Dylan had wanted, really wanted, this job.  His first, aside from mowing lawns and stuff. He had been really happy when he got it.  He was still kind of happy about it.  He did need to make some money.  He knew there were plenty of worse jobs.

He remembered that story about a pottery maker’s apprentice, in China or Korea or someplace like that, who spent years doing the most menial, repetitive tasks before he was allowed to even handle the clay.  There was another one about a kitemaker’s apprentice.  So this could be that part of having a job.  What awesome and noble skill it could lead to remained a mystery.  Dylan had only been hauling and unloading boxes of groceries for  three weeks and it already felt like a lifetime.  He was only a little ways into today’s shift, and the remaining hours stretched before him, an endless desert.  With a little lunch oasis.  The lame music oozing out of the speakers was slowly turning him into an automaton.  He didn’t realize he had come to a complete standstill until an older lady pushed her cart into his aisle.  Not knowing how long he had been standing there, he turned and busied himself with the closest thing to hand.  He diligently moved the Uncle Ben’s Rice boxes forward and backward by fractions of inches so they all lined up.  Focusing intently, as if it mattered.  He became the shelf-stocker’s apprentice, displaying his craft.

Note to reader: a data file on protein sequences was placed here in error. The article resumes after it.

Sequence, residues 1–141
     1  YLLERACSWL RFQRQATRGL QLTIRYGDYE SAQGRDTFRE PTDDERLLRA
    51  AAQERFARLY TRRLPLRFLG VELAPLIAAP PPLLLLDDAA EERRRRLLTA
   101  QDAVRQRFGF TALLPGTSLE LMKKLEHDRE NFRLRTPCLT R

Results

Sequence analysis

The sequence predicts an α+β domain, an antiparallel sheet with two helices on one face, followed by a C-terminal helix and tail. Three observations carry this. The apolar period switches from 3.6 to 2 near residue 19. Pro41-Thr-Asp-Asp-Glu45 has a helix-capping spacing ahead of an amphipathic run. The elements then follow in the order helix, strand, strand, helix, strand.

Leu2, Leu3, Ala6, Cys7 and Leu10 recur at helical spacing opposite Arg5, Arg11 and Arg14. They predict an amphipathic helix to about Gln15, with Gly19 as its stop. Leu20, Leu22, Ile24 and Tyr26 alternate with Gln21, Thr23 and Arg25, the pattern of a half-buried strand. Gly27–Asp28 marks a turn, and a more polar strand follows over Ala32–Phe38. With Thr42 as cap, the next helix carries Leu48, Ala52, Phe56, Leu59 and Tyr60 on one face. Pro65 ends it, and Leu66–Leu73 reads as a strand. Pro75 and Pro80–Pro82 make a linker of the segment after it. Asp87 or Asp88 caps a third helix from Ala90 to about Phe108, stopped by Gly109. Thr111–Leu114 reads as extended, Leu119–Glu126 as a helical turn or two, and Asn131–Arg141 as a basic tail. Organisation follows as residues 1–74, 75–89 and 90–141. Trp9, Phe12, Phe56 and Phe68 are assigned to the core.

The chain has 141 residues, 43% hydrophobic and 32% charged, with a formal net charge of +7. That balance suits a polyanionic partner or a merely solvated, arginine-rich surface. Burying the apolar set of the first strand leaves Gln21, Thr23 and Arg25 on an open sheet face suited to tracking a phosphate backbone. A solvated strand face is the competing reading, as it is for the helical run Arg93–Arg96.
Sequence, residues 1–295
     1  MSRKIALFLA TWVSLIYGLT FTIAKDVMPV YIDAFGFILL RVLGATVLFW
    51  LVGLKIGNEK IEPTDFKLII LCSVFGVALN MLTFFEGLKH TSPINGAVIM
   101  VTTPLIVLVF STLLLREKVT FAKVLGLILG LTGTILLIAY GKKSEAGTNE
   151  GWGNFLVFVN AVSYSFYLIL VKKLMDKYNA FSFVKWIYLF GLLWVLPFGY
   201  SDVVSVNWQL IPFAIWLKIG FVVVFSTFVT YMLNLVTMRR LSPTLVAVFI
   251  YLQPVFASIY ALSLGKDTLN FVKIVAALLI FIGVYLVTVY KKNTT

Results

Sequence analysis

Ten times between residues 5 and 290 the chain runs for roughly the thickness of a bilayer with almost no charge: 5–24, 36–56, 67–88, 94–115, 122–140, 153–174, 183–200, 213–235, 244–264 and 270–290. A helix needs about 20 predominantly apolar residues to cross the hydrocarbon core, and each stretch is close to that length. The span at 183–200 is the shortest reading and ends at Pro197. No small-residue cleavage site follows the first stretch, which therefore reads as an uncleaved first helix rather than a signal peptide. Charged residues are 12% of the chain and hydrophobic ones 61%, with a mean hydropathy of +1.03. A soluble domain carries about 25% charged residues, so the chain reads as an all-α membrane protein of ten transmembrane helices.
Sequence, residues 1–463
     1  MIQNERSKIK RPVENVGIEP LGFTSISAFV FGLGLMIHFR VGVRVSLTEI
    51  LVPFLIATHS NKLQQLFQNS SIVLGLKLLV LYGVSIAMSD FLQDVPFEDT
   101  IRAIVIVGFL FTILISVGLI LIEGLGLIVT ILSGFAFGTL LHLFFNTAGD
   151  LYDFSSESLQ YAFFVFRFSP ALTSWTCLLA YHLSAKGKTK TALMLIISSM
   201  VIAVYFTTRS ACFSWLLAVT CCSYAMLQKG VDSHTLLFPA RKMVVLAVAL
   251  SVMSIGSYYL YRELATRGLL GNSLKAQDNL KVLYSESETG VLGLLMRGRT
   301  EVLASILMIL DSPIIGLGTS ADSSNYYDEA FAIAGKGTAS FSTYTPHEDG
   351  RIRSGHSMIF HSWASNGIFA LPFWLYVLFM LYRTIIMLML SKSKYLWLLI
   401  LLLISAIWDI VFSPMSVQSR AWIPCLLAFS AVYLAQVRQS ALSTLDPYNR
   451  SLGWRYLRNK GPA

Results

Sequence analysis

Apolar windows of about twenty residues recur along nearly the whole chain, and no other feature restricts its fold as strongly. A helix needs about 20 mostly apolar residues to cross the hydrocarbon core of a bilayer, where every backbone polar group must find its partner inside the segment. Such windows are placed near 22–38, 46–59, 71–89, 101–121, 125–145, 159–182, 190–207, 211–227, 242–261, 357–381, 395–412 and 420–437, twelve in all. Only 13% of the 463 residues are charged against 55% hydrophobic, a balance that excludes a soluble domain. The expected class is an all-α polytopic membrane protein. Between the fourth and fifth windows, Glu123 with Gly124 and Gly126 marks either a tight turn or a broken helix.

“Don’t worry,” the lady said.  “You’re not busted.  I just need some tomato paste.”

“It’s right there,” said Dylan, pointing, in another impressive show of expertise.

“I know,” she smiled.  “But thanks.”

She took a couple of cans, put them in her cart and moved on.  He looked down at his sneakers to remind himself that he had a life.  Then he started in on the soup shelf.